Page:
Brutal Drug War Consequences

As you may be able to tell, my main cause is ending the drug war. That is why I always re-post the weekly corrupt cops stories from And no matter how many times I tell people the unintended consequences of having a war on drugs, it doesn’t seem to get through to a lot of people.

It starts with the first principle of you own yourself and your body. You have the right to put anything you want into your body, and me with mine, so long as force or fraud is not involved. It continues with the drugs going underground into the black market where all kinds of shady individuals with no morals reside. Each time the drug war steps up, the risk becomes greater and the price of illegal drugs increases and it leads to corruption as dealers are looking to buy off cops to allow drugs to freely pass through the cities. It is an endless cycle of violence, gang on gang, fighting for turf like in the days of alcohol prohibition, and gang on gang, cops fighting drug dealers with full swat gear and automatic weapons.

So many problems could be fixed by fully legalizing drugs and allowing them to be made in controlled environments like that bottle of ibuprofen in your medicine cabinet is. One, drugs would be much safer, just like alcohol became much safer after prohibition when you no longer had to risk drinking gin made in someones bathtub. When amatuers make drugs because it is illegal for professionals to do so, you never know what they could have done wrong, they aren’t chemists with MIT degrees, they are your neighbor working at the 7-11 and Mcdonalds.

And with the endless cycle of violence comes all the dead policemen you keep hearing about. How many police would still be alive and with their families had it not been for this ridiculous war on drugs.

But if you won’t listen to me, maybe you will listen to someone much smarter than me. Michael S. Rozeff posted the list of drug war consequences to the Lew Rockwell blog on Thursday. See what you think of these, and pay attention to number 6, the corruption of cops.

The Houston Chronicle is carrying a story with startling revelations of drug gang brutality in Mexico. Among other things, it reports of kidnapping young men and forcing them to engage in contests to the death in order to find and recruit killers. This made me wonder what kinds of things deter people from behaving like this, and what kinds of conditions produce this kind of behavior.

On the latter, it’s clear that a society and state that forbids drugs is necessarily going to cause outcomes like this. The logic goes like this.

1. The state forbids something, like drugs.

2. Production MUST therefore be illegal, and production will occur because the demand doesn’t disappear when the drug is made illegal.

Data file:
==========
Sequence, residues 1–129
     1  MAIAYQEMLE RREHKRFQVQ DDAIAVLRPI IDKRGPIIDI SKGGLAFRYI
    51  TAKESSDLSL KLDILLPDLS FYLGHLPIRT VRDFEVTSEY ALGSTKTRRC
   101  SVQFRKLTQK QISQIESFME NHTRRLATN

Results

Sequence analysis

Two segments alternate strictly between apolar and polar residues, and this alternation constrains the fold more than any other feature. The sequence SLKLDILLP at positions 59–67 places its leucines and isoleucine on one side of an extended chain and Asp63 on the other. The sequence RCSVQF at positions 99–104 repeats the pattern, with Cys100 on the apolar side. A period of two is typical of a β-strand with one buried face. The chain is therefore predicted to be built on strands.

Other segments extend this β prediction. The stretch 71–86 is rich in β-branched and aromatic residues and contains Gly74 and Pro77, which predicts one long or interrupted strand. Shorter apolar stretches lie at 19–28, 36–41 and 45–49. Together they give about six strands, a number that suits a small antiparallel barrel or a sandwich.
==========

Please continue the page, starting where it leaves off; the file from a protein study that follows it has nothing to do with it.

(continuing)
3. Going illegal is a necessary condition for all those who are willing to  produce and supply the drug. The profit motive remains, even heightens, and so there will always be people who will go illegal.

4. The people attracted into the illegal business are going to be the people who already have the least inhibitions about doing anything immoral and illegal. They are the ones most willing to take risks.

5. Competition is all within illegality. This means that moral rules that govern peaceful competition do not prevail among the suppliers. They therefore select among any actions and rules that bring them survival, profits, and growth. The most effective means of gaining market share and preventing the incursion of rivals within a situation of illegal rivalry will include a reputation and readiness to kill and maim so as to enforce one’s will.

6. The means include corrupting law enforcement. This is virtually a necessity and always occurs in these conditions. The results include gang warfare. It also includes uneasy peace among gangs and division into territories and fiefdoms.

7. The competition need not lead to the practices mentioned in this article whose aim is to find and groom the most merciless killers. Yet it probably happened in the 1920s gangs that this mode of competition also prevailed as the many stories of Capone suggest. Most gangster movies also depict that the more brutal gangsters rise to the top.

I don’t claim that this is a complete explanation of what’s going on, but I did want to make the point that what’s going on in Mexico is not a random thing and not a peculiarly Mexican thing. These things often have rational explanations. It’s akin to terrorism and assassination  and other forms of violence in that respect. There are often reasons that we can find that explain it even if the behavior is awful.


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